Booking an appointment with your doctor can take time, and speaking with a doctor face to face about it might be embarrassing – especially if you’re unsure of your condition. Speaking to an online doctor can help you to get professional advice, without having to visit the physician’s office. Some online doctors will also be able to prescribe you your medication to help relieve the symptoms.
How to Treat Hemorrhoids Yourself?
If you haven’t gone to see a doctor, there are a few ways you can relieve your symptoms at home. You don’t always need the help of a doctor, and simply soaking in hot water may help to relieve some of the swelling and the pain – if only temporarily.
You can also help to relieve the pain by using common anti-inflammatory products like aspirin or ibuprofen. While it won’t cure your condition, it will help to bring the swelling down for a short time, giving you some relief throughout the day. No matter how uncomfortable your condition is, do not take more than recommended on the packaging.
There are a few OTC treatments you can get your hands on, but some of them may require your doctor to prescribe them. There are creams to help treat your hemorrhoids, as well as suppositories that you can use at home. This treatment should reduce the swelling as well as relieve the pain that you’re experiencing as a result of the condition.
How Can DrHouse Help You?
DrHouse can help you to get in touch with a professional doctor within minutes. You don’t have to wait weeks for an appointment, only to be told your condition is a false alarm, or that you’ll just have to wait it out. You can be in contact with a trained doctor, ready to help you at any time of the day.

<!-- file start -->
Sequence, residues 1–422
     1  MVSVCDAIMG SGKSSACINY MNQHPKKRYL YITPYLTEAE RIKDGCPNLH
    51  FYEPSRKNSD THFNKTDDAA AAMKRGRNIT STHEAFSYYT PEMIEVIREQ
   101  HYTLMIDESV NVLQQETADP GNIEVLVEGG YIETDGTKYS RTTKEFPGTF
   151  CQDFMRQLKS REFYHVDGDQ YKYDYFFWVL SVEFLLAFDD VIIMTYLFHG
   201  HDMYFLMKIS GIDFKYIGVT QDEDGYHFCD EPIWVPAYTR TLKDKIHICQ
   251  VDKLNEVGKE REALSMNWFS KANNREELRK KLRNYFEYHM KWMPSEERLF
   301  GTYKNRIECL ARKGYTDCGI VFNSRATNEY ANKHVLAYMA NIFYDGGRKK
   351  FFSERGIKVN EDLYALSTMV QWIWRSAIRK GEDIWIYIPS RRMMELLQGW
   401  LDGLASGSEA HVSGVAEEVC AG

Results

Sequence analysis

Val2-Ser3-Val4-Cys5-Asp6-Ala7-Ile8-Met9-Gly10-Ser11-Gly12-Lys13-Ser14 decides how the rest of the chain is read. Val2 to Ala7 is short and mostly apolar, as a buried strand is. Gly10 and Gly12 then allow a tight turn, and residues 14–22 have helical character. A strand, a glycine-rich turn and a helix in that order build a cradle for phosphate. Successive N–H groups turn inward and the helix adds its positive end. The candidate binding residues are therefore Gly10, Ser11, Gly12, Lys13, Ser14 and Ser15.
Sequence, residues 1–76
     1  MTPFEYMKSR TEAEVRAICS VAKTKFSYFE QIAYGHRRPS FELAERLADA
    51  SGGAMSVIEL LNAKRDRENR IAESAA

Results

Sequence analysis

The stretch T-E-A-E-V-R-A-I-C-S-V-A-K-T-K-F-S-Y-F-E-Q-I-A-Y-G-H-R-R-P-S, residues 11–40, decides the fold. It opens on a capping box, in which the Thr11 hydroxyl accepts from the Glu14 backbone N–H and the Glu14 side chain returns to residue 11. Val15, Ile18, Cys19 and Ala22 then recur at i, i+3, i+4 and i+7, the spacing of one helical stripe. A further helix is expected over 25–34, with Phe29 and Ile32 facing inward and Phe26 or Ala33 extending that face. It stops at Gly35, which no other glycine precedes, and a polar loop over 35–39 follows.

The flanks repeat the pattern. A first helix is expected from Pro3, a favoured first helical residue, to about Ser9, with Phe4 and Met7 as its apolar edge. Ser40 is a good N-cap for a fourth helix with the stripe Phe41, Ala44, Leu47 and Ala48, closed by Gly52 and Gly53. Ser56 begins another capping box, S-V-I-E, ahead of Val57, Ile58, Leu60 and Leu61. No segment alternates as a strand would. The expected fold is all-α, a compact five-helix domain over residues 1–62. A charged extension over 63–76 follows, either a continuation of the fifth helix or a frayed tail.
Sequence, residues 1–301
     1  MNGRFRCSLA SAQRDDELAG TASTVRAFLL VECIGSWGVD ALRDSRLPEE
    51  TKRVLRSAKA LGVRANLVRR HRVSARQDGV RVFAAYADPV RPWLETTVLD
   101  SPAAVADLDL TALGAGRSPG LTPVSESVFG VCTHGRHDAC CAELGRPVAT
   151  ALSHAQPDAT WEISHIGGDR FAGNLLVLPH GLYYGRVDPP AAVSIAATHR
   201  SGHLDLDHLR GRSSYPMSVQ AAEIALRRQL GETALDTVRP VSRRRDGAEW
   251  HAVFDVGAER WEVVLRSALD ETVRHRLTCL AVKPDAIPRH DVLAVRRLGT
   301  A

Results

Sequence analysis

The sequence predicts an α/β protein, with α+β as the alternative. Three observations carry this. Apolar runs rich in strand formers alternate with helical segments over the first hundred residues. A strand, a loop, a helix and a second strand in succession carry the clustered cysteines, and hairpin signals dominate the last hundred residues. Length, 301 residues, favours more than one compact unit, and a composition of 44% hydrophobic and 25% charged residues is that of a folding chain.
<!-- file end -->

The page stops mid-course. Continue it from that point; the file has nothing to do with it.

- Most hemorrhoid cases won’t require you to visit a doctor and will go away within a week of appearing.
- You should visit your primary care physician if your conditions are severe, getting worse each day, or have lasted longer than one week.
- Your primary care physician can help you to decide on the best course of action for your symptoms. They may also refer you to another specialist if your condition can’t be easily treated.
- Your gastroenterologist can diagnose your hemorrhoids, as well as perform internal procedures such as ligation.
- Seeing a proctologist is necessary if your hemorrhoids need to be surgically removed.
- Amy Halverson, Hemorrhoids, Clin Colon Rectal Surg 2007; 20(2): 077-085. DOI: https://www.doi.org/10.1055/s-2007-977485
- Eberspacher C, Mascagni D, Antypas P, et al. External hemorrhoidal thrombosis in the elderly patients: conservative and surgical management. Minerva Chirurgica. 2020 Apr;75(2):117-120. DOI: https://www.doi.org/10.23736/s0026-4733.18.07724-6 . PMID: 30600960.
- Hemorrhoids Treatment. WebMD. Available from: https://www.webmd.com/digestive-disorders/understanding-hemorrhoids-treatment-medref
- Albuquerque A. Rubber band ligation of hemorrhoids: A guide for complications. World J Gastrointest Surg. 2016;8(9):614-620. Doi: https://www.doi.org/10.4240/wjgs.v8.i9.614
- Yeo D, Tan KY. Hemorrhoidectomy – making sense of the surgical options. World J Gastroenterol. 2014;20(45):16976-16983. doi:https://www.doi.org/10.3748/wjg.v20.i45.16976